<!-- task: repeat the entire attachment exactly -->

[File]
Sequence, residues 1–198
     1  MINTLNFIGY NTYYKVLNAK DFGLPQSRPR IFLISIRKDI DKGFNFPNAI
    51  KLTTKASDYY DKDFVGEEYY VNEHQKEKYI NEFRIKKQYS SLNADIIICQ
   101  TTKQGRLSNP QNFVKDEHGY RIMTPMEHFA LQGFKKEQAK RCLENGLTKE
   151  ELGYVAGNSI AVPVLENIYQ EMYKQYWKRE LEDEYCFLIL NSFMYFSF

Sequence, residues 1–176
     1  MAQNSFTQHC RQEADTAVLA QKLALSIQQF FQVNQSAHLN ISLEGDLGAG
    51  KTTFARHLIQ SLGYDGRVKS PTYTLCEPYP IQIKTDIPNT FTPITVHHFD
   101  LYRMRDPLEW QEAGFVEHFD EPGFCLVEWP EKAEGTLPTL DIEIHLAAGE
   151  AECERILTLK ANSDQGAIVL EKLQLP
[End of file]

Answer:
Sequence, residues 1–198
     1  MINTLNFIGY NTYYKVLNAK DFGLPQSRPR IFLISIRKDI DKGFNFPNAI
    51  KLTTKASDYY DKDFVGEEYY VNEHQKEKYI NEFRIKKQYS SLNADIIICQ
   101  TTKQGRLSNP QNFVKDEHGY RIMTPMEHFA LQGFKKEQAK RCLENGLTKE
   151  ELGYVAGNSI AVPVLENIYQ EMYKQYWKRE LEDEYCFLIL NSFMYFSF

Sequence, residues 1–176
     1  MAQNSFTQHC RQEADTAVLA QKLALSIQQF FQVNQSAHLN ISLEGDLGAG
    51  KTTFARHLIQ SLGYDGRVKS PTYTLCEPYP IQIKTDIPNT FTPITVHHFD
   101  LYRMRDPLEW QEAGFVEHFD EPGFCLVEWP EKAEGTLPTL DIEIHLAAGE
   151  AECERILTLK ANSDQGAIVL EKLQLP